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United States Court of Appeals for the Federal Circuit
August 21, 2014, Decided
[*1368] [***1002] Dyk, Circuit Judge.
The Mathilda and Terrance Kennedy Institute of Rheumatology Trust (Kennedy) owns U.S. Patent Nos. 7,846,442 (the '442 patent) and 6,270,766 (the '766 patent). Both patents are directed towards methods of treating rheumatoid arthritis by co-administering two drugs. AbbVie, Inc. and AbbVie Biotechnology Ltd. (collectively, AbbVie) are licensees of the '766 patent but not the '442 patent. In 2011, AbbVie sued Kennedy in the Southern District of New York for a declaratory judgment that the '442 patent was invalid under the doctrine of obviousness-type double patenting because the '442 patent was not [**2] patentably distinct from the '766 patent. We agree with AbbVie that the '442 patent would have been obvious in light of the '766 patent. Accordingly, we affirm the district court's finding of invalidity.
Rheumatoid arthritis is an autoimmune disease that causes painful joint inflammation. If left untreated, this disease can result in bone destruction and lead to potentially [*1369] life-threatening complications. Although there is no cure for rheumatoid arthritis, scientists have developed a number of treatments that help abate this disease. The patents at issue in this appeal cover a very popular and effective treatment for rheumatoid arthritis: combination therapy of a disease-modifying antirheumatic drug and an antibody.
Kennedy secured two patents on this combination therapy—the '766 and '442 patents. The first (the '766 patent) expired on October 8, 2012, while the second (the '422 patent) [***1003] does not expire until August 21, 2018. The question here is whether the '442 patent is invalid for obviousness-type double patenting. Some background of the two patents is essential to understanding the double patenting issue.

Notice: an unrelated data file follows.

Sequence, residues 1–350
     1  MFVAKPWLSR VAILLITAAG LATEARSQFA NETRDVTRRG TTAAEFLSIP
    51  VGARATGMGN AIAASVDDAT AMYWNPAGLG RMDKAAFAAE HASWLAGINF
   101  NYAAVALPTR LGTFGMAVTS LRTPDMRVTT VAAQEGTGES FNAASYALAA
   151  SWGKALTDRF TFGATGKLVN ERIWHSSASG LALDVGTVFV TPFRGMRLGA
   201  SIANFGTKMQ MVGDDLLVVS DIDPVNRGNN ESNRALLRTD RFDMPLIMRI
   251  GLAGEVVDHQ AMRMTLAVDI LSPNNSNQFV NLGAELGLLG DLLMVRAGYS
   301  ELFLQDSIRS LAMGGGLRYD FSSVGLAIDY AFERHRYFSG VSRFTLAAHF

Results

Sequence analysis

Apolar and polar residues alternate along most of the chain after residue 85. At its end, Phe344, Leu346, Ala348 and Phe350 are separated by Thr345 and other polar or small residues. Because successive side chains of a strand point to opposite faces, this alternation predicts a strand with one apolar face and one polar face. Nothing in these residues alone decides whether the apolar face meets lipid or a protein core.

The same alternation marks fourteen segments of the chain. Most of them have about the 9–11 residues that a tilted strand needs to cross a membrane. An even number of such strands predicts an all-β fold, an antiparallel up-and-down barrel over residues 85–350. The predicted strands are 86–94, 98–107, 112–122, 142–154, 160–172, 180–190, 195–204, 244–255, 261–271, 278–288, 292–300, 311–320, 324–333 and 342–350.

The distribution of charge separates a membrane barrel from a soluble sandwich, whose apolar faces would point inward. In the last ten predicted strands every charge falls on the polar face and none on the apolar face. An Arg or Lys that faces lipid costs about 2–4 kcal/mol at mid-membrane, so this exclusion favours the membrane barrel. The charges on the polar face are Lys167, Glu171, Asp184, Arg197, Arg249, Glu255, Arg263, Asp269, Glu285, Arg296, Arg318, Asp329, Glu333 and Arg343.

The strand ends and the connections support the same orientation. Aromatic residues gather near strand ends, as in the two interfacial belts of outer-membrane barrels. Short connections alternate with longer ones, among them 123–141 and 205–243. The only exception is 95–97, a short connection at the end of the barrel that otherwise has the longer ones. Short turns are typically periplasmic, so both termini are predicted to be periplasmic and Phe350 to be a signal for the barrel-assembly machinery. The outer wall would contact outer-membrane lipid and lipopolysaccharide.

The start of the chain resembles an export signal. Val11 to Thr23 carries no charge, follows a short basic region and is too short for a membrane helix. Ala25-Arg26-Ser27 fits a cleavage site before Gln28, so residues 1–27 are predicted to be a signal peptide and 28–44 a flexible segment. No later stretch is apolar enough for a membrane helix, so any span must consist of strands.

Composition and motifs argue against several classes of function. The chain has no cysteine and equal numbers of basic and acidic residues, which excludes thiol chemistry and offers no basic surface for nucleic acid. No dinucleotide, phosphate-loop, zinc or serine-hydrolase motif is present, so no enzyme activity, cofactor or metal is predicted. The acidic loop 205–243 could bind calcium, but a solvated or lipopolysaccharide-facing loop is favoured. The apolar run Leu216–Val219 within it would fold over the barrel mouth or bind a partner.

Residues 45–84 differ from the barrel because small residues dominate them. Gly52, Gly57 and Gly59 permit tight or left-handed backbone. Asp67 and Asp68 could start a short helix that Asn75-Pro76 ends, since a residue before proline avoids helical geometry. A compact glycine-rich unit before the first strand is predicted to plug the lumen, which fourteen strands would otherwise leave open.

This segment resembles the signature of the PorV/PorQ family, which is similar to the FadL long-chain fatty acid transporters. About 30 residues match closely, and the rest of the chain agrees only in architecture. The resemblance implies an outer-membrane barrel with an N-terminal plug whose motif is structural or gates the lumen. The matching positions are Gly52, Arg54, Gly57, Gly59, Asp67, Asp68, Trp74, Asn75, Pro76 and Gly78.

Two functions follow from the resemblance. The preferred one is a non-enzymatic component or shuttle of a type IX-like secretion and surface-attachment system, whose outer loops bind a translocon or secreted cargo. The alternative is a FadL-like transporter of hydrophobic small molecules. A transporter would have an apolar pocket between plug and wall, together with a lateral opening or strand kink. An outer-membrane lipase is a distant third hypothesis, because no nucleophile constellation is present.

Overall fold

Prior to the advent of this combination therapy, patients were treated with disease-modifying antirheumatic drugs, such as methotrexate. However, in [**3] the 1980s, researchers began to study the use of antibodies in the treatment of rheumatoid arthritis. Antibodies are the proteins that the immune system uses to identify and neutralize foreign bodies such as viruses and bacteria. During this period, the named inventors of the '766 and '422 patents discovered that a protein called Tumor Necrosis Factor Alpha (TNFα) is partially responsible for the inflammation rheumatoid arthritis causes. This discovery led the inventors to research antibodies that block the TNFα protein. In September 1994, the inventors began a study of rheumatoid arthritis patients whose disease had not responded completely to treatment with methotrexate. The inventors gave those patients an anti-TNFα antibody, either alone or in combination with methotrexate treatment. This study, known as the T-14 study, formed the basis of the '766 and '442 patents and demonstrated the utility of the method claimed in the patents. The T-14 study revealed that rheumatoid arthritis patients better responded to anti-TNFα antibodies when they were administered in conjunction with methotrexate as compared to the response observed when either of the drugs was administered alone.
Full case includes Shepard's, Headnotes, Legal Analytics from Lex Machina, and more.
764 F.3d 1366 *; 2014 U.S. App. LEXIS 16090 **; 112 U.S.P.Q.2D (BNA) 1001 ***
ABBVIE INC. AND ABBVIE BIOTECHNOLOGY LIMITED, Plaintiffs-Appellees, v. THE MATHILDA AND TERENCE KENNEDY INSTITUTE OF RHEUMATOLOGY TRUST, Defendant-Appellant.
Prior History: [**1] Appeal from the United States District Court for the Southern District of New York in No. 11-CV-2541, Judge Paul A. Crotty.
Abbvie Inc. v. Mathilda & Terence Kennedy Inst., 956 F. Supp. 2d 429, 2013 U.S. Dist. LEXIS 106463 (S.D.N.Y., 2013)
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Civil Procedure, Appeals, Standards of Review, Clearly Erroneous Review, Patent Law, Defenses, Patent Invalidity, General Overview, Evidence, Burdens of Proof, Clear & Convincing Proof, De Novo Review, Infringement Actions, Claim Interpretation, Double Patenting